Book Talk: A History of Islam in 21 Women with Professor Hossein Kamaly
Hossein Kamaly, Associate Professor of Islamic Studies and Holder of the Imam Ali Chair for Shi’i Studies and Dialogue among Islamic Legal Schools, will introduce us to his new book, A History of Islam in 21 Women.One World, the publisher, describes the book this way:"Beginning in seventh-century Mecca and Medina, A History of Islam in 21 Women takes us around the globe, through eleventh-century Yemen and Khorasan, and into sixteenth-century Spain, Istanbul and India. From there to nineteenth-century Persia and the African savannah, to twentieth-century Russia, Turkey, Egypt and Iraq, before arriving in present-day Europe and America.From the first believer, Khadija, and the other women who witnessed the formative years of Islam, to award-winning architect Zaha Hadid in the twenty-first century, Hossein Kamaly celebrates the lives and groundbreaking achievements of these extraordinary women in the history of Islam."Please join us!Note: Hartford Seminary is committed to providing accessibility for all. Please contact Susan Schoenberger at or 860-509-9519 at least 3 days in advance if you have questions about our accessibility or need reasonable accommodations for this event.  About the SpeakerHossein Kamaly holds the Imam Ali Chair in Shia Studies and Dialogue Among Islamic Schools of Thought at the Hartford Seminary, as of 2019. Before obtaining his PhD (2004) and MA (2001), both in history from Columbia University, he had earned an MSc degree in Mathematics, Statistics, and Operations Research from New York University. His undergraduate degree was in Computer and Electrical Engineering from Shahid Beheshti University in Iran.In Tehran, he pursued diverse disciplines of learning, actively participating in formal classes and informal circles on philosophy, epistemology, and traditional Islamic learning. His translation of Karl Popper’s Logic of Scientific Discovery, which first appeared in 1991 and has undergone six reprints ever since, along with articles published in Persian on logic and probability theory indicate his deep-rooted interests form his younger years.Between 2000 and 2017, Kamaly taught in various capacities at the City University of New York, Columbia University, and Barnard College. He also worked as the Middle East, Islamic, and Jewish Studies Librarian at Columbia University, 2004-7. His first book in English, God & Man in Tehran: Contending Visions of the Divine from the Qajars to the Islamic Republic was published in 2018 by Columbia University Press.He is currently working on several projects, including a monograph entitled Giving Voice to Scripture: Tafsīr in the Imāmī Shia Tradition. Kamaly describes himself as a lifelong student, and his pursuit of knowledge and wisdom continues.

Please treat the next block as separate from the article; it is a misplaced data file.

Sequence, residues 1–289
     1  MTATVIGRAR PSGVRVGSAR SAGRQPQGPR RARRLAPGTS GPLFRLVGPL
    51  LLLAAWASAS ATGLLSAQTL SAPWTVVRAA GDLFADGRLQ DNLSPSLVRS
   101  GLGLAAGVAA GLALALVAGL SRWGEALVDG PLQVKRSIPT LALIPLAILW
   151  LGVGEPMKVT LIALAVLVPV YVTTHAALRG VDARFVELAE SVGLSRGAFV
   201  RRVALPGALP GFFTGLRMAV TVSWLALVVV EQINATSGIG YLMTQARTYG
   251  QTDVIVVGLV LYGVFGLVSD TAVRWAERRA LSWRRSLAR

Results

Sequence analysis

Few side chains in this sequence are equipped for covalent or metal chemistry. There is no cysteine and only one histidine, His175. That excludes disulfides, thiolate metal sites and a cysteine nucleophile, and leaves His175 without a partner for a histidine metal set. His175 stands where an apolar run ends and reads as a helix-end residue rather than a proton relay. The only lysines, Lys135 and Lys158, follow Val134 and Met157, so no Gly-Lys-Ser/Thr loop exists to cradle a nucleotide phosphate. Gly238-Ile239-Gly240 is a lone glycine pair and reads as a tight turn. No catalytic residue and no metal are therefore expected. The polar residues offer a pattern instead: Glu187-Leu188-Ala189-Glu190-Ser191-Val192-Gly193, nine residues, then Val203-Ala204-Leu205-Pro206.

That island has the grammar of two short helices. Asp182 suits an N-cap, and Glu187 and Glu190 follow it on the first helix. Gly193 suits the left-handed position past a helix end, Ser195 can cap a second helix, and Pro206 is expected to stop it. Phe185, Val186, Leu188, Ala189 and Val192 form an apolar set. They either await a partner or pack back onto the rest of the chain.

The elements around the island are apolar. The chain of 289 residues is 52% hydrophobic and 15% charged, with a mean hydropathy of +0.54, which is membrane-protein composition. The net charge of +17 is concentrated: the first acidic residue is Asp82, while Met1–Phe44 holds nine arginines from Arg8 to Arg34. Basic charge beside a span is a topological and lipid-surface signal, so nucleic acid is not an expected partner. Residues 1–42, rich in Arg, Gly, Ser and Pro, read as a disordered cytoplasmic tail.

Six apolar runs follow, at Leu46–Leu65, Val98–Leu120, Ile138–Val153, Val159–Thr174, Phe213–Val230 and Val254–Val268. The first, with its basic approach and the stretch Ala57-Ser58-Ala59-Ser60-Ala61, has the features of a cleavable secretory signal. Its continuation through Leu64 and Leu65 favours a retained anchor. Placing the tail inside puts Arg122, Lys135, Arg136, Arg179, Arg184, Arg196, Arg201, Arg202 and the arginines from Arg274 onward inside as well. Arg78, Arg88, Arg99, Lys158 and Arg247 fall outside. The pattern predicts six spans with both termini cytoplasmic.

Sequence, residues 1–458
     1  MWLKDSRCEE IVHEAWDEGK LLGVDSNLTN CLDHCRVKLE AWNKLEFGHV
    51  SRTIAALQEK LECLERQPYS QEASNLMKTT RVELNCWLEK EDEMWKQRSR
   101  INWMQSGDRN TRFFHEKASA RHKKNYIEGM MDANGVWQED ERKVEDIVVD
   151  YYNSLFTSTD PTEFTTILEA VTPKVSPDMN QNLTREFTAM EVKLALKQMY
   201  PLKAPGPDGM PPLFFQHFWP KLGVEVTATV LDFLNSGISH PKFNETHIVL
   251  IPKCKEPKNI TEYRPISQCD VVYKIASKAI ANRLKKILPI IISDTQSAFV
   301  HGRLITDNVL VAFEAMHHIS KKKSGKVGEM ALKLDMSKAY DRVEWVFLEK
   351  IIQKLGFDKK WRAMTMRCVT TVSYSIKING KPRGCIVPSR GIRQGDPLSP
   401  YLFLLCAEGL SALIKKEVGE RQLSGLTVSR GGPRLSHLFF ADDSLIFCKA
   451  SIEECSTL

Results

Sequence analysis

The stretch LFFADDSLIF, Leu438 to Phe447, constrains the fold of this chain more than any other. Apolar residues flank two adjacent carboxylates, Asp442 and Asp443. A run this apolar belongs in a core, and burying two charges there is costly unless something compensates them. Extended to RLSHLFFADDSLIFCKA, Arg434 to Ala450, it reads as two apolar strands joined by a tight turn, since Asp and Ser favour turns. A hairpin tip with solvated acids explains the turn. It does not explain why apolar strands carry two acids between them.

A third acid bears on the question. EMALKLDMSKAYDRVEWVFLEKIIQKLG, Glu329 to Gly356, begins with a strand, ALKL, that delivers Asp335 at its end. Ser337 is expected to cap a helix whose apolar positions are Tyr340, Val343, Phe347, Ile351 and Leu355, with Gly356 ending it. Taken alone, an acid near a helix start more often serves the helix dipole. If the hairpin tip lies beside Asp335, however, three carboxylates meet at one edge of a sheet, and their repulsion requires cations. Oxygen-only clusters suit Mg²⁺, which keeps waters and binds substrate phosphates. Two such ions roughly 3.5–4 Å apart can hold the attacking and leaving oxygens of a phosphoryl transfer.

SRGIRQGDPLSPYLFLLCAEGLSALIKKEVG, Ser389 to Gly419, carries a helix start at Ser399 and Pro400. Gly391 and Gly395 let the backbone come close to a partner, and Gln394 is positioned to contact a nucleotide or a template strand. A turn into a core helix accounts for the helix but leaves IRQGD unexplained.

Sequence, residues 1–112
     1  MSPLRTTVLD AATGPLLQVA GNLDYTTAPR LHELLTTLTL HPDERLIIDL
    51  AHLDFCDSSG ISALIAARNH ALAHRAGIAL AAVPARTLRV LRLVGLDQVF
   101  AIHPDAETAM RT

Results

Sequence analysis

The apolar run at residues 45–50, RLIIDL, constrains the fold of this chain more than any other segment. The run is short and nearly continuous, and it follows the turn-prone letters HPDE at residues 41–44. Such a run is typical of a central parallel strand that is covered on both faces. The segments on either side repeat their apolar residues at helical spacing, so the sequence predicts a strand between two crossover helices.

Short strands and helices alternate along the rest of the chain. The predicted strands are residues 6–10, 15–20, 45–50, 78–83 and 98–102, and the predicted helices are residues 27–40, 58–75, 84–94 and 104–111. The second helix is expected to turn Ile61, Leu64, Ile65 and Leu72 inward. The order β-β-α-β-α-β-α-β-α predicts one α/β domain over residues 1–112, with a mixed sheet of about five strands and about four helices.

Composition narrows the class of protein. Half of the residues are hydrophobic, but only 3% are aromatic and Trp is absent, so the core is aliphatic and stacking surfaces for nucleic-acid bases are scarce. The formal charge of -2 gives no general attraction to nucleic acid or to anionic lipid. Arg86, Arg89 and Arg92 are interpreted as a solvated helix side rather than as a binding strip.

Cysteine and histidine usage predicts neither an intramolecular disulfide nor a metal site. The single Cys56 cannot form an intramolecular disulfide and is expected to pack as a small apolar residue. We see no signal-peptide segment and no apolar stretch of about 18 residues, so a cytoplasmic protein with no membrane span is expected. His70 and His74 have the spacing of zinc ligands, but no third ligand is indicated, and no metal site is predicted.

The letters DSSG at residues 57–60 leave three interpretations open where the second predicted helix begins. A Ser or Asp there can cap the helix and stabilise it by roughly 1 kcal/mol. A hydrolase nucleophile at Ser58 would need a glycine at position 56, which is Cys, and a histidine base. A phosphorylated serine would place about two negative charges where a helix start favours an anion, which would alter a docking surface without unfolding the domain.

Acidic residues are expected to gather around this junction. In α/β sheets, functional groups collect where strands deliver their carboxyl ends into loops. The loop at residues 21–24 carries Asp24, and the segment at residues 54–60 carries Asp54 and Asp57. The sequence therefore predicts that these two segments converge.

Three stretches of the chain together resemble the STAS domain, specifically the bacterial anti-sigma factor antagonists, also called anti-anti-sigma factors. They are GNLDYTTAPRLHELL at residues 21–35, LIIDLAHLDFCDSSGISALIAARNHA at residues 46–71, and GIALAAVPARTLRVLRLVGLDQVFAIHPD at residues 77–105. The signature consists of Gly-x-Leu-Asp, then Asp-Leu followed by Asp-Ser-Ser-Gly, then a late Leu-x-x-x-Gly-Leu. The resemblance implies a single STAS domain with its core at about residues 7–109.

Hartford Seminary became the first seminary in America to open its doors to women, in 1889.
In 1902, Hartford Seminary was a founding member of the American Association of Schools of Religious Education.
The first American center for the study of Islam and Christian-Muslim relations opened at Hartford Seminary in 1973.
In 1990, Hartford Seminary became the first nondenominational theological institution in North America to name a female president.
Naming a Muslim to the core faculty was a first for nondenominational theological institutions in North America in 1991.
Hartford Seminary established the first Islamic Chaplaincy Program in America in 2001.
The first chair of Shi’i Studies in North America launched at Hartford Seminary in 2015.